Mark Hannam


Numbers 4 Good

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Hegel and the End of History



On Thinking

On Unhappiness

On Purposefulness

On Striving

On Failure

All Things are Accomplished Through Money

The Doubly-Excluded:
consumer credit regulation in the UK

Corporate Governance: origins and challenges

Proposals for a price cap on high cost short term credit

The Need for Roots?

Syria: the Economic Implications of the Civil War

In Praise of Non-Bank Finance

The Price of Money

Numbers 4 Good

Borrowing Freely

Sceptics Knock Success

Life, Liberty and Access to Credit

Osborne's Banking Reforms: A Hedge Too Far

Always Spend Wisely ....

A Truly Ethical Foreign Policy

Southern Africa: 2020 Vision

Mervyn Turns a Tidy Profit

Private Banking for the Poor

Teaching Jurisprudence in Namibia

George - Don't do that!

Do the Math

Two Cheers for the Walking Wounded

That's Fair Enough

What Crisis?

How to Stop the Next Bubble

Muhammad Yunus

Rethinking Risk

Today it is widely believed that financial innovations - and the bankers who promoted them - were the primary cause of our present economic problems; and that they are not to be trusted. As the social business sector faces growing demands for its services while, at the same time, the level of public funds available to support its work is falling, it is not surprising that few managers in the social business sector think that innovative financial engineering should be a priority. There are some who take a different view: I am one and Bertrand Beghin is another.

Like me, Bertrand spent more than a dozen years working in the City as an active participant in the global financial markets. His main focus was the development of innovative structural transactions for the clients of the investment bank where he was employed. Although the clients were mostly large-scale, for-profit institutions the principles upon which his transactions were based were, he thought, equally applicable to smaller, not-for-profit institutions. Bertrand believed that his skill-set and market experience could be of value to the social business sector; and that there was an urgent need for mainstream finance to become more supportive of the principle of sustainability. So he left his job in the City and set up a consultancy firm whose name captures his ambition: Numbers 4 Good.

When I spoke with Bertrand in April of this year, in the Members Room at Tate Modern, he described a number of problems that are characteristic of social businesses in the UK, and suggested how the solutions to these problems might involve some form of financial innovation. First, the resources available to the social business sector are limited in size, with gift and donation predominant, which makes the sector much more like the charitable sector than many of its advocates would like to admit. Given limited resources there should be some obligation to use them as efficiently as possible "financial optimisation" to use City jargon but often social business founders are, understandably, more interested in the social impact of their work than the financial structure that underpins that work. This leads to operational inefficiencies in the sector; and suggests the need for more sophisticated financial advisory work.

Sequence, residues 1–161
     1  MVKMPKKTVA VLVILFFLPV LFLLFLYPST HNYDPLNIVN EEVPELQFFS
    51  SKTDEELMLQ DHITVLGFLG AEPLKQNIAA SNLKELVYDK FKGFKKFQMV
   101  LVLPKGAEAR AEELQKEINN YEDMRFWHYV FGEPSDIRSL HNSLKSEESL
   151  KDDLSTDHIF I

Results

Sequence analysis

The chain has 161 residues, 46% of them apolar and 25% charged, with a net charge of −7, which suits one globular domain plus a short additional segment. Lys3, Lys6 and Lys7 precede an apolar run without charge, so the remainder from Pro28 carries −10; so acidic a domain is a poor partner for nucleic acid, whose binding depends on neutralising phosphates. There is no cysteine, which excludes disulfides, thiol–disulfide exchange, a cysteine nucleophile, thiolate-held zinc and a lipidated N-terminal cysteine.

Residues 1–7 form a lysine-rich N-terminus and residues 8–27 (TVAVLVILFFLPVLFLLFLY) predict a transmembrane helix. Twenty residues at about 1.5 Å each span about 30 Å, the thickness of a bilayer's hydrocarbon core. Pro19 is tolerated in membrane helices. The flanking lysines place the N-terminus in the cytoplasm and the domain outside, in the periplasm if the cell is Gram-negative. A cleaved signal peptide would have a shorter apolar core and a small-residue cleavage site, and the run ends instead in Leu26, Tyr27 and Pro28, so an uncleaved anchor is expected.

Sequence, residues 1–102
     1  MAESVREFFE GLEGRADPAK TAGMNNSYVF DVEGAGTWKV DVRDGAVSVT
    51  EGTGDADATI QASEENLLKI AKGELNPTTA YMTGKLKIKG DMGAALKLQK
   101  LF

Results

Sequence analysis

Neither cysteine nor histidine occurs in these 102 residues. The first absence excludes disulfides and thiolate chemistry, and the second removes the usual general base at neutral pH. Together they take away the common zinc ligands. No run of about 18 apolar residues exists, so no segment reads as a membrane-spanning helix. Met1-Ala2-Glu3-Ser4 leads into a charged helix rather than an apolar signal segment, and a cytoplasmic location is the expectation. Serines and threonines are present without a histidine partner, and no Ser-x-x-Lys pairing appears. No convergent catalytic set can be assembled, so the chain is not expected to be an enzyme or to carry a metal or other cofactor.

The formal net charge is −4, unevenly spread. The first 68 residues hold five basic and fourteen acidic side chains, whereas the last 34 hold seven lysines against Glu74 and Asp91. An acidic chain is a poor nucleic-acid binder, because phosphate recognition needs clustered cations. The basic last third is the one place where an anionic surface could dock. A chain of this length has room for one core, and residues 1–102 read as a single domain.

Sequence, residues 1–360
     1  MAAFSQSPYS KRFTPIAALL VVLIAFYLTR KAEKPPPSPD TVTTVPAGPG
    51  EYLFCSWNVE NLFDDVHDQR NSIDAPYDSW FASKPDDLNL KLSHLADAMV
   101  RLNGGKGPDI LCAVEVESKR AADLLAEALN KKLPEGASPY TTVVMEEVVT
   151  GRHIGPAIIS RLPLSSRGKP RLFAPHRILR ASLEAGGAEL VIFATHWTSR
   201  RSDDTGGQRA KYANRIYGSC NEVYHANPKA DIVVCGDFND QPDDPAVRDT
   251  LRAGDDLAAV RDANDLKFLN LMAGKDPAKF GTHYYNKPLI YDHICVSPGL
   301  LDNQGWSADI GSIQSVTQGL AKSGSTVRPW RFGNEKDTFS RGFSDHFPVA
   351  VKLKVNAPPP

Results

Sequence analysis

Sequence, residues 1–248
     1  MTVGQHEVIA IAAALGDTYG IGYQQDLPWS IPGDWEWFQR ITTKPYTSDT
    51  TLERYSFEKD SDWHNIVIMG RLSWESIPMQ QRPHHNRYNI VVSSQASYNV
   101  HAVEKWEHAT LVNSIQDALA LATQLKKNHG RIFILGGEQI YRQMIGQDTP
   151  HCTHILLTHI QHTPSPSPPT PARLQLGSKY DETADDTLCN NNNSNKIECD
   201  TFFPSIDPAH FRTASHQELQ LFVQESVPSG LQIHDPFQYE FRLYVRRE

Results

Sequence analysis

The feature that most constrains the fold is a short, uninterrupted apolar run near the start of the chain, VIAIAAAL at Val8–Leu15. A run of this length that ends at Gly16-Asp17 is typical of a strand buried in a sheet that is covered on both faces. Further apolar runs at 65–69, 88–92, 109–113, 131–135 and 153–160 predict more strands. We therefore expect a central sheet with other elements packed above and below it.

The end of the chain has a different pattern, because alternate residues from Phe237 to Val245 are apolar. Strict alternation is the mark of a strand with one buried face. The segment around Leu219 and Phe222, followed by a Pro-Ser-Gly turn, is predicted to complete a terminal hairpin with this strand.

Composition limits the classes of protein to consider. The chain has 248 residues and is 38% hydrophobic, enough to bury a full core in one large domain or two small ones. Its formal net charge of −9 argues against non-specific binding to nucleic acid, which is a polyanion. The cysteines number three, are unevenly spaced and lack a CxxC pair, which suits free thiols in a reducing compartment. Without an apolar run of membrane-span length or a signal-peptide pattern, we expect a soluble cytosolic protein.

This, in turn, leads to a second problem, namely resource loss. Often new organisations in the social business sector simply repeat the mistakes of predecessor organisations, without learning from their failures. In addition, successful financial innovations are not widely shared or understood. Although there is now considerable effort being made to quantify the social impact of social business, there is less focus on comparing the different financial models and strategies that social businesses adopt, consequently the lessons learned for better or for worse are not widely disseminated within the social business community. Greater financial sophistication would also help to increase the capacity of the sector, which is apposite at a time when there is growing interest in social investment, not least the imminent launch of the Big Society Bank.

Third, the social business sector has an unusual structure, which discourages the easy transfer of financial innovation from company to company. A mature business sector develops a pyramidal shape, with numerous small start-up companies at the bottom, a smaller number of medium sized businesses above them, and finally a small number of large companies at the apex. Successful innovation at the bottom of the pyramid is disseminated in two ways: first, the large and medium sized companies learn from the small companies below them, sometimes by taking them over; second, successful small companies themselves grow into mid-sized and eventually large companies, allowing innovative practices to be applied across much larger organisations.

The social business sector is still immature and has yet to develop this pyramidal structure: there are very many small social businesses and a few mid-sized, but no large social businesses at all. Most social businesses are still at the start-up stage. The funding issues they face are difficult not just because they are social businesses, but also because they are start-ups. The scope for successful innovation is limited and, where it does exist, it is hard to pass this knowledge on to larger organizations which can use it to greater effect.